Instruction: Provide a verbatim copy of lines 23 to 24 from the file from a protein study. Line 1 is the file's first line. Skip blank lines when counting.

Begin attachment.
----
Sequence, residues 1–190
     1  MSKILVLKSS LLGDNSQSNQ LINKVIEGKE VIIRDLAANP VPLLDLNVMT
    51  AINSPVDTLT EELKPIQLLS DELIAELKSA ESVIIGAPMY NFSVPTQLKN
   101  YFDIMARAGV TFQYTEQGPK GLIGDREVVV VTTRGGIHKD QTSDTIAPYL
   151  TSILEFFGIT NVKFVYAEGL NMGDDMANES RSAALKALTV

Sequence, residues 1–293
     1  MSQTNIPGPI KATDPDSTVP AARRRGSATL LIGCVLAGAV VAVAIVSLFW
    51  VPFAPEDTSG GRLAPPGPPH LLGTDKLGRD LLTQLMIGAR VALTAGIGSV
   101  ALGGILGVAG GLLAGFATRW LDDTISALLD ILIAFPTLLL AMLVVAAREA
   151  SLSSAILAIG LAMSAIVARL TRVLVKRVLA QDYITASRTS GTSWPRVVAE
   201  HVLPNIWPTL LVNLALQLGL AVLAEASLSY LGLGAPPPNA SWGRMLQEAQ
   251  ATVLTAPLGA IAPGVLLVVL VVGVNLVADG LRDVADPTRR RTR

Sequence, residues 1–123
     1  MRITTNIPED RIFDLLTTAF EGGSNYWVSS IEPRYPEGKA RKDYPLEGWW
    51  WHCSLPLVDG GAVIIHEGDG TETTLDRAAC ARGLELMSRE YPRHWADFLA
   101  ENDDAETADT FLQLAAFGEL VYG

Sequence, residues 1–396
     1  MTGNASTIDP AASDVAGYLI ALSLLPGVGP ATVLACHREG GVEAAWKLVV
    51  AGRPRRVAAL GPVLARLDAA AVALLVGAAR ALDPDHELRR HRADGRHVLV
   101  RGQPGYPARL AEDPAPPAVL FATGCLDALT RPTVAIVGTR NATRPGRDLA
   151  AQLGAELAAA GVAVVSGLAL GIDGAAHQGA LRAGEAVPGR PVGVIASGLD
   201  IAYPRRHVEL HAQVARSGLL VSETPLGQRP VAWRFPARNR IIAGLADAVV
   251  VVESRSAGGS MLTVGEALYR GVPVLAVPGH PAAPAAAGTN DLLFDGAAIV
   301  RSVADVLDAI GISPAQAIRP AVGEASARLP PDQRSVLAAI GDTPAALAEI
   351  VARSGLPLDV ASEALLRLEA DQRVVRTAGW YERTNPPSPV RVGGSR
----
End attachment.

   251  VVESRSAGGS MLTVGEALYR GVPVLAVPGH PAAPAAAGTN DLLFDGAAIV
   301  RSVADVLDAI GISPAQAIRP AVGEASARLP PDQRSVLAAI GDTPAALAEI